Rand Paul, the Civil Rights Act, and ‘the hard part’ of ‘freedom’

RAND PAUL, THE CIVIL RIGHTS ACT, AND ‘THE HARD PART’ OF ‘FREEDOM’…. When Rand Paul, the Republican candidate for the U.S. Senate in Kentucky, sat down with the editorial board of the Louisville Courier-Journal, the paper understandably wanted to get a better sense of the right-wing ophthalmologist’s ideology. It led to a logical question about the scope of government power.

INTERVIEWER: Would you have voted for the Civil Rights Act of 1964?

PAUL: I like the Civil Rights Act in the sense that it ended discrimination in all public domains, and I’m all in favor of that.


PAUL: You had to ask me the “but.” I don’t like the idea of telling private business owners — I abhor racism. I think it’s a bad business decision to exclude anybody from your restaurant — but, at the same time, I do believe in private ownership. But I absolutely think there should be no discrimination in anything that gets any public funding, and that’s most of what I think the Civil Rights Act was about in my mind.

When the interviewer noted that Paul’s approach would have allowed lunch counters to deny service to Dr. Martin Luther King, based on nothing but his race, the Republican candidate said he would not go to that lunch counter, and he would criticize that lunch counter, but suggested it would be wrong to legally prohibit a business from discriminating. “[T]his,” Paul said, “is the hard part about believing in freedom.”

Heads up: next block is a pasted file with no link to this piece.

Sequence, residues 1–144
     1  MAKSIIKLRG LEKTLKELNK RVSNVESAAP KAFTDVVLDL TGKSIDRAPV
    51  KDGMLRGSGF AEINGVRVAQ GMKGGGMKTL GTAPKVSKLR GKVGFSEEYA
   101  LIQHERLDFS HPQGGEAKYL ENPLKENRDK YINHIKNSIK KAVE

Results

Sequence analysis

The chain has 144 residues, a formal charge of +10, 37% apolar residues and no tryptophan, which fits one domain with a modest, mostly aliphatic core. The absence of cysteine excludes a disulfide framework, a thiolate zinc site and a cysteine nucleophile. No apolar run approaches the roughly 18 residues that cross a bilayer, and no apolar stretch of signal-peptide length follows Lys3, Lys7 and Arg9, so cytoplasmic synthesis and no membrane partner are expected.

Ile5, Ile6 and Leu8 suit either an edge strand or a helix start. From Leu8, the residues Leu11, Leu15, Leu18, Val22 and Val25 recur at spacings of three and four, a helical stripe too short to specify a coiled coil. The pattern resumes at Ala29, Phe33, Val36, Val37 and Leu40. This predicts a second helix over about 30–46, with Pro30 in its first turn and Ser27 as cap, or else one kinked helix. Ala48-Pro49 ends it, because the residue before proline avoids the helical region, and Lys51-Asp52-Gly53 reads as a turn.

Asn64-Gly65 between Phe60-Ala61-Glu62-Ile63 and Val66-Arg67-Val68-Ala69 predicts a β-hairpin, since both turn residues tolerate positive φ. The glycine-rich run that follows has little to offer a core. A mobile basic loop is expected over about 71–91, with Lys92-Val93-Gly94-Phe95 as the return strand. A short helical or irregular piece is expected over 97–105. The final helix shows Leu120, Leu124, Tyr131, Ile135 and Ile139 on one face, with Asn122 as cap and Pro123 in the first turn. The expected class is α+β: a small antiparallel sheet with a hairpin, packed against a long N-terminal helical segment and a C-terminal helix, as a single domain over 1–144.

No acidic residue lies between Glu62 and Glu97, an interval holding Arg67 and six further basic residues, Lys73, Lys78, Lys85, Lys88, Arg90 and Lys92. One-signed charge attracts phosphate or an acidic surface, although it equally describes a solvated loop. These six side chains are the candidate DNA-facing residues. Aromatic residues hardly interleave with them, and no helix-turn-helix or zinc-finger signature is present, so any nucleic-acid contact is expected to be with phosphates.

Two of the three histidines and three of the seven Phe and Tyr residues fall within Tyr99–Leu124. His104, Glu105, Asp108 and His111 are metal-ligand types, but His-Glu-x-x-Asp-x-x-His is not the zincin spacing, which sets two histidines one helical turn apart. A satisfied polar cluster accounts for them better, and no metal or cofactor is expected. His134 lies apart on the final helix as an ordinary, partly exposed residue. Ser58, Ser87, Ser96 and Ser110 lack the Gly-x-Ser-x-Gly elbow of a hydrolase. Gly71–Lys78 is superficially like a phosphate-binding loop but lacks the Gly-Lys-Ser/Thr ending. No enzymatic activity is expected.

This wasn’t an isolated exchange. Paul was on NPR yesterday, explaining that he only supports laws to prohibit “institutional” racism, not discrimination in private enterprise.

Paul then spoke to Rachel Maddow last night on MSNBC, and during the interview, the Republican candidate was more than a little evasive, perhaps realizing that his ideological extremism probably doesn’t sound compelling to the American mainstream. Nevertheless, when Paul was asked about the desegregation of lunch counters, he replied, “Does the owner of the restaurant own his restaurant? Or does the government own his restaurant? These are important philosophical debates but not a very practical discussion.”

Rachel replied, “Well, it was pretty practical to the people who had the life nearly beaten out of them trying to desegregate Walgreen’s lunch counters despite these esoteric debates about what it means about ownership. This is not a hypothetical Dr. Paul.”

I have to admit, I find myself at a rare loss for words. At a certain level, I just find it painful to fathom the notion that, in the 21st century, a Republican candidate for the U.S. Senate would publicly express his opposition to the Civil Rights Act of 1964. I’m well aware of the dangerous shift of today’s GOP, but I like to think there are some lines that even Republicans wouldn’t cross. And yet, here we are.

We all casually throw around words like “crazy” and “fringe” when describing contemporary politics, but once in a while, developments like Rand Paul’s candidacy come along, and the need to reevaluate the blurred lines between Republican politics and sheer madness becomes apparent.

In the larger context, I also suppose it’s time to start asking Republican leaders across the country a straightforward question: “Your party’s Senate candidate in Kentucky has a problem with the Civil Rights Act. Do you think he’s right or wrong?”